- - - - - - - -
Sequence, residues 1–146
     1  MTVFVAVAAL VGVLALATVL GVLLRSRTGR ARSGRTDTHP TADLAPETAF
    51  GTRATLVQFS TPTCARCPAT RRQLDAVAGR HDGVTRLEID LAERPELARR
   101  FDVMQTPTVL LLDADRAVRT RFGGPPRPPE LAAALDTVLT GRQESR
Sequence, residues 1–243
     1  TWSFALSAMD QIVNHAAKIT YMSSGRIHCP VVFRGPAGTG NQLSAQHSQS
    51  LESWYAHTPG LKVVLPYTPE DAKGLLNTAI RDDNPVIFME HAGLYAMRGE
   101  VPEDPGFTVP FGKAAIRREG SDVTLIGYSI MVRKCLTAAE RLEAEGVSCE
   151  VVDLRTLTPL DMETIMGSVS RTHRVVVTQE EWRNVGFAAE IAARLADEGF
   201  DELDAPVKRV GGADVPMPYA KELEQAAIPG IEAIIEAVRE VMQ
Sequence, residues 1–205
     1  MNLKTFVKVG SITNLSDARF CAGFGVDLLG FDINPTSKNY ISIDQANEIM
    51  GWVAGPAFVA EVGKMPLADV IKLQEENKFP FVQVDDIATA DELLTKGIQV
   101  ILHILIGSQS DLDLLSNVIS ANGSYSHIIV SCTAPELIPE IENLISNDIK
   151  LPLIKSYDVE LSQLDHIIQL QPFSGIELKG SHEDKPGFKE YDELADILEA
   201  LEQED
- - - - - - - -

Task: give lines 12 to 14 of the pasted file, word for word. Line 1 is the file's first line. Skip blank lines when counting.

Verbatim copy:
     1  MNLKTFVKVG SITNLSDARF CAGFGVDLLG FDINPTSKNY ISIDQANEIM
    51  GWVAGPAFVA EVGKMPLADV IKLQEENKFP FVQVDDIATA DELLTKGIQV
   101  ILHILIGSQS DLDLLSNVIS ANGSYSHIIV SCTAPELIPE IENLISNDIK